“A marvelous, organ-by-organ journey through the body eclectic…Irresistible [and] impressive.” —John J. Ross, Wall Street Journal The human body is the most fraught and fascinating, talked-about and taboo, unique yet universal fact of our lives. It is the inspiration for art, the subject of science, and the source of some of the greatest stories ever told. In Anatomies, acclaimed author of Periodic Tales Hugh Aldersey-Williams brings his entertaining blend of science, history, and culture to bear on this richest of subjects. In an engaging narrative that ranges from ancient body art to plastic surgery today and from head to toe, Aldersey-Williams explores the corporeal mysteries that make us human: Why are some people left-handed and some blue-eyed? What is the funny bone, anyway? Why do some cultures think of the heart as the seat of our souls and passions, while others place it in the liver? A journalist with a knack for telling a story, Aldersey-Williams takes part in a drawing class, attends the dissection of a human body, and visits the doctor’s office and the morgue. But Anatomies draws not just on medical science and Aldersey-Williams’s reporting. It draws also on the works of philosophers, writers, and artists from throughout history. Aldersey-Williams delves into our shared cultural heritage—Shakespeare to Frankenstein, Rembrandt to 2001: A Space Odyssey—to reveal how attitudes toward the human body are as varied as human history, as he explains the origins and legacy of tattooing, shrunken heads, bloodletting, fingerprinting, X-rays, and more. From Adam’s rib to van Gogh’s ear to Einstein’s brain, Anatomies is a treasure trove of surprising facts and stories and a wonderful embodiment of what Aristotle wrote more than two millennia ago: “The human body is more than the sum of its parts.”

See the original article here:  

Anatomies: A Cultural History of the Human Body – Hugh Aldersey-Williams

Posted in alo, Anchor, FF, GE, LAI, ONA, PUR, Uncategorized, W. W. Norton & Company | Tagged , , , , , , , , | Comments Off on Anatomies: A Cultural History of the Human Body – Hugh Aldersey-Williams

The High Cost of Health Care Is Stealing Years of Life From Poor Americans

Mother Jones

<!DOCTYPE html PUBLIC “-//W3C//DTD HTML 4.0 Transitional//EN” “http://www.w3.org/TR/REC-html40/loose.dtd”>

According to a new series of studies in The Lancet, the United States risks a “21st century health-poverty trap” if it does not address low-income Americans’ growing inability to access or afford quality health care. The five papers published today in the British medical journal describe how the high cost of health care is intensifying the widening gap between the rich and poor and issue a call for a single-payer health care system.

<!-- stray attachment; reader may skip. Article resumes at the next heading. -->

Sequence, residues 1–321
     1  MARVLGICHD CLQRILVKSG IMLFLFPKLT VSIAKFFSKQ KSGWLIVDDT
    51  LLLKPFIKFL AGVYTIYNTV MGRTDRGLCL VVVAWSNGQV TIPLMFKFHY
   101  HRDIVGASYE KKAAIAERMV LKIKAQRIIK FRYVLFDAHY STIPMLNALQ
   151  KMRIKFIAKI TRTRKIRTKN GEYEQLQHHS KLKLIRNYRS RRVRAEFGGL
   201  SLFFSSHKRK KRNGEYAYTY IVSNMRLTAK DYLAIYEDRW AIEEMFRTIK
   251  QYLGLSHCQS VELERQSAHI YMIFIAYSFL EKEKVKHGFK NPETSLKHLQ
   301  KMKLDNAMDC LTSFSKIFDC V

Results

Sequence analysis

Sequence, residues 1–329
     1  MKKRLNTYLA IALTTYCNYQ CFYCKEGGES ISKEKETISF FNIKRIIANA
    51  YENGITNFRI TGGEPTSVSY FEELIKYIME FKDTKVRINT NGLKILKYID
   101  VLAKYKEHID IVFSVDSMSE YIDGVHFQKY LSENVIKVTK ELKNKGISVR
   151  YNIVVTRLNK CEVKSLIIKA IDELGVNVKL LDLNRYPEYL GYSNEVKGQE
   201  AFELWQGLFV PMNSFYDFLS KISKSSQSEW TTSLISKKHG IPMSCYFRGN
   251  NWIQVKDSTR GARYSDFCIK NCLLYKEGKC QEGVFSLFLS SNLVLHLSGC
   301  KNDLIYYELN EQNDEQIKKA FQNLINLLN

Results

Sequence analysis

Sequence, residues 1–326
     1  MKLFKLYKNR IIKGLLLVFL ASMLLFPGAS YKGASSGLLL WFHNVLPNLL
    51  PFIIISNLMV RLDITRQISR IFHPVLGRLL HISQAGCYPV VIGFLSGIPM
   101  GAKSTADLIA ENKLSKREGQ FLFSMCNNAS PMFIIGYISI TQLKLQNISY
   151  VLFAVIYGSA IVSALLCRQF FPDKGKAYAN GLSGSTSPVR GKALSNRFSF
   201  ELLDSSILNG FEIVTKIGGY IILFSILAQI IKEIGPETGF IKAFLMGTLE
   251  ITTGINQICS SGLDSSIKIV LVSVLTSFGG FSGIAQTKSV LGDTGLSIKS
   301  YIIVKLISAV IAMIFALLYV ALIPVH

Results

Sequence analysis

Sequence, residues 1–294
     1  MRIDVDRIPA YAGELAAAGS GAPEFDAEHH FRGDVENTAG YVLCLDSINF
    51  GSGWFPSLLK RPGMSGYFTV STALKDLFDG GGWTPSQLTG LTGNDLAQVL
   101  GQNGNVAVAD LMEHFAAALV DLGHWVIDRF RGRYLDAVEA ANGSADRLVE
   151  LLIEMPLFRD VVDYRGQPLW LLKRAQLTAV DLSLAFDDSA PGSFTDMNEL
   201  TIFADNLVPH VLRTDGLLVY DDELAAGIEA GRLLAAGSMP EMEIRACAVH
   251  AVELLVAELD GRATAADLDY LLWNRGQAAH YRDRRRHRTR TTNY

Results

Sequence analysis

The studies highlight several alarming trends: America’s richest 1 percent live more than a decade longer on average than the poorest Americans; 40 percent of poor Americans skip going to the doctor because they can’t afford to; the neediest 20 percent of Americans spend almost twice what the richest 20 percent Americans spend on private health insurance; and 1 out of every 10 households facing high medical costs declares bankruptcy, even after the implementation of Obamacare.

“We are witnessing a slow-moving disaster unfolding for the health of lower-income Americans who have spent their working lives in a period of rising income inequalities,” says Dr. Jacob Bor, an assistant professor at the Boston University School of Public Health.

Some of the health effects of poverty documented in the studies are staggering. The average life expectancy rates of the poorest 5 percent Americans have not budged since 2001, despite gains by middle and high-income Americans, who can now expect to live an extra two years on average. Instead, entrenched poverty is elevating mortality rates: The wealthiest 1 percent now can expect to live 10 to 15 years longer than the poorest 1 percent of Americans.